Rod fracture in adult spinal deformity surgery fused to the sacrum: prevalence, risk factors, and impact on health-related quality of life in 526 patients

Spine J. 2018 Sep;18(9):1612-1624. doi: 10.1016/j.spinee.2018.02.008. Epub 2018 Feb 28.


Background context: Risk factors associated with rod fracture (RF) following adult spinal deformity (ASD) surgery fused to the sacrum remain debatable, and the impact of RF on patient-reported outcomes (PROs) after ASD surgery has not been investigated.

Purpose: We aimed to evaluate the prevalence of and risk factors for RF and determine PROs changes associated with RF after ASD surgery fused to the sacrum.

Study design/setting: A retrospective single-center cohort study was performed.

Patient sample: Patients undergoing long-construct posterior spinal fusions to the sacrum performed at a single institution by two senior spine surgeons from 2004 to 2014 were included.

Outcome measures: Patient demographics, radiographic parameters, and surgical factors were assessed for risk factors associated with RF. Oswestry Disability Index (ODI) and Scoliosis Research Society-30 (SRS-30) scores were assessed at baseline, 1 year postoperatively, and latest follow-up.

Methods: Inclusion criteria were ASD patients age >18 who had ≥5 vertebrae instrumented and fused posteriorly to the sacrum and either development of RF or no development of RF with minimum 2-year follow-up. Patient characteristics, operative data, radiographic parameters, and PROs were analyzed at baseline and follow-up. Separate Cox proportional hazard models based on rod material and diameter were used to determine factors associated with RF.

Results: Five hundred twenty-six patients (80%) were available for analysis. RF occurred in 97 (18.4%) patients (unilateral RF n=61 [63%]; bilateral RF n=36 [37%]). Risk factors for fracture of 5.5 mm cobalt chromium (CC) instrumentation (CC 5.5 model) included preoperative sagittal vertical axis (hazard ratio [HR] 1.07, 95% confidence interval [95% CI] 1.02-1.14 per 1-cm increase), preoperative thoracolumbar kyphosis (HR 1.02, 95% CI 1.01-1.04 per 1-degree increase), and number of levels fused for patients who received rhBMP-2 <12 mg per level fused (HR 1.48, 95% CI 1.20-1.82 per 1-level increase). Implants that were 5.5-mm CC constructs were at a higher risk for fracture than 6.35-mm stainless steel (SS) constructs (HR 8.49, 95% CI 4.26-16.89). The RF group had less overall improvement in SRS Satisfaction (0.93 vs. 1.32; p=.007) and SRS Self-image domain scores (0.72 vs. 1.02; p=.01). The bilateral RF group had less overall improvement in ODI (8.1 vs. 15.8; p=.02), SRS Subscore (0.51 vs. 0.85; p=.03), and SRS Pain domain scores (0.48 vs. 0.95; p=.02) compared with the non-RF group at final follow-up.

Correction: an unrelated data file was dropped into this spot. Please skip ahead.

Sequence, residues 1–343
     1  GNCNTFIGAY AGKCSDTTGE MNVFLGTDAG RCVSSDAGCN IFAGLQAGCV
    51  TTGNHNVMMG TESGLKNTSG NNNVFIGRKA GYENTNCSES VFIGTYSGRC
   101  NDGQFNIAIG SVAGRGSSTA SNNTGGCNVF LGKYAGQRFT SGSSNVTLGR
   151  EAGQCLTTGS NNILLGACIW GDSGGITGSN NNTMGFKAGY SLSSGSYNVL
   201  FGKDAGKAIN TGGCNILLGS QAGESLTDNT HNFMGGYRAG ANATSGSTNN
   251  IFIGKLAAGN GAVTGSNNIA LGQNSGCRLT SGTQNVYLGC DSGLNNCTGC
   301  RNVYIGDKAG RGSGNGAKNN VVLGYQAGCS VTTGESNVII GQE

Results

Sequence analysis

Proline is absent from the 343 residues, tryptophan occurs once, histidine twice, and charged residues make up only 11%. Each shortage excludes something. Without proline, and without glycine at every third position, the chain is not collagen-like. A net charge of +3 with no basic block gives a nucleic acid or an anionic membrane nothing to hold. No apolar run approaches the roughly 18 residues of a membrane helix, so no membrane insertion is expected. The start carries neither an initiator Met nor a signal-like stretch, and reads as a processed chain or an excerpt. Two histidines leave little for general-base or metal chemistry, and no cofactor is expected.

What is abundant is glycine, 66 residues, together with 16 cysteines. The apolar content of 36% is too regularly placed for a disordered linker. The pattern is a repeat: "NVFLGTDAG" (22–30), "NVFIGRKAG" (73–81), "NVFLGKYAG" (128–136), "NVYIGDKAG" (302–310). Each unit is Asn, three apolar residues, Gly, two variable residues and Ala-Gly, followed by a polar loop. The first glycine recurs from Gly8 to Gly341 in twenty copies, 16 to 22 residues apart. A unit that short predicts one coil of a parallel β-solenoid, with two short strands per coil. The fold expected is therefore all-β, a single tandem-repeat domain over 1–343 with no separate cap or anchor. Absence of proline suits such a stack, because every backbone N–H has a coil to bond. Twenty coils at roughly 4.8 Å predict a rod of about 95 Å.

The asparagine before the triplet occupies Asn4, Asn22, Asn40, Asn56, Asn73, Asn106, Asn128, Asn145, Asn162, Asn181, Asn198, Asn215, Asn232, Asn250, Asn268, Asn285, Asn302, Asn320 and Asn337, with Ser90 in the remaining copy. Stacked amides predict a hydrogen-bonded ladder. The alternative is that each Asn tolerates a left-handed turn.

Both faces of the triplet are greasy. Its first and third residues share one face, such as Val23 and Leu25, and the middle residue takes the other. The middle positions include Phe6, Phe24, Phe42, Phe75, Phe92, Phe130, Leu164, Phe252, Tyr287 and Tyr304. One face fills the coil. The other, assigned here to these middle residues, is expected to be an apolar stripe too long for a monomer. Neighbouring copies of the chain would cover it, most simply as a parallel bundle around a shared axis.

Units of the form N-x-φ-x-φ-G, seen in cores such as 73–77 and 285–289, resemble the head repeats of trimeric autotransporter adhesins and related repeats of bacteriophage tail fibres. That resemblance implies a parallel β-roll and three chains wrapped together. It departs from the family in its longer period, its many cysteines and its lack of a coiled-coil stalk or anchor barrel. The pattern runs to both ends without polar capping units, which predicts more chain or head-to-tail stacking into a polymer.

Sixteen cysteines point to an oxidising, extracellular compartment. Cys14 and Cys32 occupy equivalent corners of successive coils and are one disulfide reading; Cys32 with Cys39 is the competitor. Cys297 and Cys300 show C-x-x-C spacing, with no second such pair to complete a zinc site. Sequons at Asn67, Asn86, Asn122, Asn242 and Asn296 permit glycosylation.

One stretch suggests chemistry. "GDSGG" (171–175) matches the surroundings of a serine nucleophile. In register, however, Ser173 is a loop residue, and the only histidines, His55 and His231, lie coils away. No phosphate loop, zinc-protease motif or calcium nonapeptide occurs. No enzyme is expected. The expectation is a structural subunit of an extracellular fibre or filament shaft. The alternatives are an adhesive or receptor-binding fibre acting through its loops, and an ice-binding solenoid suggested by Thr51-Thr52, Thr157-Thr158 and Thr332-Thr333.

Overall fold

Conclusions: The prevalence of all RF after index procedures was 18.4%, 37% for bilateral RF. Greater preoperative sagittal vertical axis, greater preoperative thoracolumbar kyphosis, increased number of vertebrae fused for patients who received rhBMP-2 <12 mg per level fused, and CC 5.5-mm rod were associated with RF. Less improvement in patient satisfaction and self-image was noted in the RF group. Furthermore, bilateral RF significantly affected PROs as measured by ODI and SRS Subscore at final follow-up.

Keywords: Adult spinal deformity; Patient-reported outcomes; Prevalence; Risk factors; Rod fracture; Surgical complications.

MeSH terms

  • Adult
  • Aged
  • Female
  • Humans
  • Internal Fixators / adverse effects*
  • Male
  • Middle Aged
  • Patient Reported Outcome Measures
  • Prosthesis Failure*
  • Quality of Life
  • Sacrum / surgery*
  • Spinal Curvatures / surgery*
  • Spinal Fusion / adverse effects*
  • Spinal Fusion / methods